> Go look at cool rocks

Marine Biology: TidePools

An adult with a young kid in a backpack on their back. A large seastack in the background.
Sea stacks along Rialto Beach. Photo by schmerica79.

Washington's coast is home to wild, beautiful, and fragile creatures. First talk to your kids about how to respect these animals and their home, and then go exploring. For best results, check the tides first. 

> Look under the sea

Social Studies

6 feet or more

Flowing creek under bright fall colors.
Listen for Bigfoot calls on the Huckleberry Creek trail. Photo by Bob and Barb.

Right now, hiking takes a few extra considerations to keep yourself and everyone else safe. You can model good social behavior for your kids by trying one of these nice, wide trails. It will make it easy for you to keep some safe space, and you all can practice waving a smiling with your eyes from behind your masks.  

> Lots of room


You’ve probably heard of the shy primate with big feet who lives ... where? There are a lot of environs in Washington that could be Bigfoot habitat — and many communities around the state who are happy to say that they are home to the fur-covered biped. But Bigfoot is just a start. Washington is full of folklore. Try one of these trails to explore the stories — or make up your own.

> What's behind that tree?


Brightly colored paint prints, made from leaves, cover a white paper.
A bit of paint and a leaf can go a long way. Photo by Jessi Loerch

Creativity 101

When the pandemic began, and we were all staying very close to home, we offered some tips on making art right where you are. And these ideas are still useful. Use them anytime — maybe even when your kiddos are on a break from online learning. They also translate to the trail, if you want to head out farther.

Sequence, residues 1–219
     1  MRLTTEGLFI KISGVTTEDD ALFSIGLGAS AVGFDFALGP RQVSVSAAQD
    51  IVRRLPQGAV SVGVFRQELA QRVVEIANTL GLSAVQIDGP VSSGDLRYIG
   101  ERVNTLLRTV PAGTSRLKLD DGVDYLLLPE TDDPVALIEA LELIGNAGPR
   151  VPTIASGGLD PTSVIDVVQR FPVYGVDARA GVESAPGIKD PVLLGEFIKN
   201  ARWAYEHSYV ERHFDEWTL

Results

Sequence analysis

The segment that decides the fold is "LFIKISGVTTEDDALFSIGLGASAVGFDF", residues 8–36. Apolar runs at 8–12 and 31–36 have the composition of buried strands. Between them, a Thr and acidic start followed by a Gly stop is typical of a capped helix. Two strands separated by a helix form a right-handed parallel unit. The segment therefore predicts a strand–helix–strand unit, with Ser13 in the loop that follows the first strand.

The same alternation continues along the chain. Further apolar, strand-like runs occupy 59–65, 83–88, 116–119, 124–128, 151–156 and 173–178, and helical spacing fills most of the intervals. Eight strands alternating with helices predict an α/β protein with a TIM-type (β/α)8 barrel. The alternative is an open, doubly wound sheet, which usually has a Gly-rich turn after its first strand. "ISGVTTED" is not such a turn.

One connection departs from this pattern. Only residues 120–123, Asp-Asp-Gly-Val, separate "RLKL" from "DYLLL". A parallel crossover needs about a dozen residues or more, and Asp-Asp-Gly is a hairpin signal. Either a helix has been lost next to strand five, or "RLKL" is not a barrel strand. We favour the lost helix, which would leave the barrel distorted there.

> Art where you are

Creativity 201

Want even more art in your life? Step up your game with these tips from artist Cole Adams, an artist and parent who loves creating. 

> Creativity is good for the soul


Two small kids touching and looking at an interpretive sign that is much bigger than them.
Interpretive signs and maps are a great way to work on some reading skills. Photo by Ryan Ojerio. 

Reading is a fundamental skill — and these 10 trails offer kids a chance to practice their skills in a fun way. All of them are easy for little hikers. Fun, reading and learning, all on one hike.

> Sound out the hard words


A sign in the trees points to the 12 by 12 plot of the trail and to Road N505.
Learn about distances on this trail. Photo by Cagey. 

The Spacing Study trail is a short one — less than half a mile — but it has an interesting lesson. The trail teaches visitors about the research behind spacing replanted trees. It's a good way to make some math concepts — distance, area, geometry — tangible. (Or, just look at the trees. Trees are cool.)

> Learn from the trees


Wooden boardwalk winding through water with a sunset in the background.
Billy Frank Jr. Nisqually National Wildlife Area. Photo by klyph76.

Are your kids wiggly after a day of online schooling? Here are some good places for them to burn off energy. 

> Take P.E. to the trails